Bheem and Shamsie are childhood sweethearts who share the fate and humiliation of being born in lower-caste families. They attempt to escape the burden of their background in search of a decent livelihood but are caught up in the conflict of being lower-caste outsiders in the Punjabi society and as “outsiders” in other regions of India. They run out of options in their attempts to survive — as a wedding orchestra company, and as dancer and bouncer in a dance bar, as trusted managers of a dance bar. The two characters live the paranoia that the doctor finds himself discussing with his psychiatrist. While the doctor’s story is bizarre, theirs is unbearable.
It is the second voice explaining the history—and even geography—of Punjab that helps in making sense of the lives of the three characters.
Geography first: the name of the novel is a take on the region. Punjab, which means the land of five rivers, is only “half a Punjab” with just “two and a half rivers” left to it since the partition. Kala makes an audacious attempt to explain the “freak arrangement” that contemporary Indian Punjab is:
The original Punjab (let us call it P-1) was divided in 1947 at the time of the Partition of India. Pakistan got the bigger chunk and the rest, say P-2, became the Indian Punjab. This, as historians would tell us, also contained the future states of Haryana and Himachal Pradesh. Shimla was the capital till 1960, while a new capital for P-2 designed by a French architect was being built. The location of that capital was based on pragmatic considerations that it would be roughly central for all the areas in P-2, which extended from the HImalayas in the north to the dusty plains bordering Delhi in the south.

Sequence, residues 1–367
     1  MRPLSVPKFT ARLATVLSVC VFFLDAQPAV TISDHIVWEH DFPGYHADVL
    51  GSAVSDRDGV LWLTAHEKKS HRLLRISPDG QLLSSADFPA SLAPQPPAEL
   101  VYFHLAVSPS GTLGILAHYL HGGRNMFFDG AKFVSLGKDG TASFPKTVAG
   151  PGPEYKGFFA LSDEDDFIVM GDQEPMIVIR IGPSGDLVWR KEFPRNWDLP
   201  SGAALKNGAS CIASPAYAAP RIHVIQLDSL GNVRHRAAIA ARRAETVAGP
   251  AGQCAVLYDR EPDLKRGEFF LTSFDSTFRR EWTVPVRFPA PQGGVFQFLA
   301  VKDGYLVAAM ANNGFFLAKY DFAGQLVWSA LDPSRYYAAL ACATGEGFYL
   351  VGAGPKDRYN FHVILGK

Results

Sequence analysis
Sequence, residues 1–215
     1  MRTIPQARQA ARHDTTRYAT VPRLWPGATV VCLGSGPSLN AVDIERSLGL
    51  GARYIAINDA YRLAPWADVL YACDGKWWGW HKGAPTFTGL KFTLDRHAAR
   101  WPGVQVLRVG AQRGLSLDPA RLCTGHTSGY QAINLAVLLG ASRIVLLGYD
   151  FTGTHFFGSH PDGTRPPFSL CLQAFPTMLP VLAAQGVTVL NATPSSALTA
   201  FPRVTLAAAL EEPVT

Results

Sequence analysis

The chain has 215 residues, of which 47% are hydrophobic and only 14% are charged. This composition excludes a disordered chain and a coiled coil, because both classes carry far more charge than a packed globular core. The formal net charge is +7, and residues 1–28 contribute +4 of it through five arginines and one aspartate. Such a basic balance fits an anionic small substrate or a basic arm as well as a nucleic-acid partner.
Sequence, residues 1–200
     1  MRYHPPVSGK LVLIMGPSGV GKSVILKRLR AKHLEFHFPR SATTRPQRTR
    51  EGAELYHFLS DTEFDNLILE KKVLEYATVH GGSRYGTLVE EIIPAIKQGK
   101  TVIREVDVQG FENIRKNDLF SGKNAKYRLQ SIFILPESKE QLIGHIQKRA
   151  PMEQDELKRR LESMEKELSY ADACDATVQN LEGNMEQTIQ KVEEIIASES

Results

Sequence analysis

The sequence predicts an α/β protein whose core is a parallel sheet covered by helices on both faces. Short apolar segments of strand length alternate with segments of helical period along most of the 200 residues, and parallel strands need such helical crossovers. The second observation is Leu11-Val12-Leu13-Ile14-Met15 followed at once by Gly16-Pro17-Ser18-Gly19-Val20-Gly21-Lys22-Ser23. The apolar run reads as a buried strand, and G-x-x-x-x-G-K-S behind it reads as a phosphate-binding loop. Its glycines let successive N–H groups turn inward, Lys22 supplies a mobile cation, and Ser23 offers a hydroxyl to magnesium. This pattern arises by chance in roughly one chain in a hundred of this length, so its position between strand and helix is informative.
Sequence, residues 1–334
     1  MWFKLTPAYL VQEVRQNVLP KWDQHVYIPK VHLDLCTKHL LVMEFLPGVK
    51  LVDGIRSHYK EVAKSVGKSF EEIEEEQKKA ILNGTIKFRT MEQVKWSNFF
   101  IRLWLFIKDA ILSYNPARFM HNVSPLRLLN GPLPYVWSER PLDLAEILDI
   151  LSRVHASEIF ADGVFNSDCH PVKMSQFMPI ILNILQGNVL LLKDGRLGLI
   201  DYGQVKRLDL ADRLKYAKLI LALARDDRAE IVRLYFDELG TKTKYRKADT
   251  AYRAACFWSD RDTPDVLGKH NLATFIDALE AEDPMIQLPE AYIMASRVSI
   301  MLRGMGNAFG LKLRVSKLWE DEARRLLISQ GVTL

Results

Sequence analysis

However, barely six years after the P-2 government had moved into its new capital, Chandigarh, it was time for another split.
The second split was self-inflicted. Some Sikh leaders wanted a state of their own. Since they could not have asked for a religion-based state in a secular country, they used the pretext of language. They projected themselves as leaders of all Punjabis, which they were not. Nor were they leaders of all Sikhs for that matter. But stridently vociferous they certainly were. There were protests and hunger strikes. They stopped trains, burnt buses, and held seminars in the gleaming conference rooms of their new camptial with maps of P-2 and pointed at the hills in the north and the area around Delhi in the south, and asked, ‘Why are those people with us? They do not speak Punjabi, do they?’…
The leftover rump (let us call it P-3), the current Punjab at the time of this story, had its capital not just outside the boundaries of P-3, but also under another government. A capital in exile became the seat of a government in exile of P-3.
It gets weirder and increasingly macabre with each turn in the game among the religious extremists, the criminals, the police and the terrorists-turned-police-helpers-turned-criminals. As a result of all the chaos, dead bodies begin to surface in the river that the doctor can see from the window of his house. In a very moving moment in the novel, the senselessness of all that haunts this half-a-Punjab becomes clearer and one understands that it is the region as a whole that is the subject and the character of the novel. The river carrying the dead seems to be “a bloody Louvre” of some sorts: with a million dead at one go during the Partition, the corpses also contain blacker bodies that are
the works of Persians, Mongols, Greeks, and Afghans. This is the route invaders have taken since the beginning of time… this river of mine has been busy for thousands of years.
It helps to read Kala’s novel in the context of new writing about regions within the political and geographical landscape of India—gradually challenging the nation-centredness of the Indian fiction that since Midnight’s Children has come to be associated with a preoccupation with all things located in a scope far above and beyond the regional. It is with such writings that Indian fiction is coming home to its roots.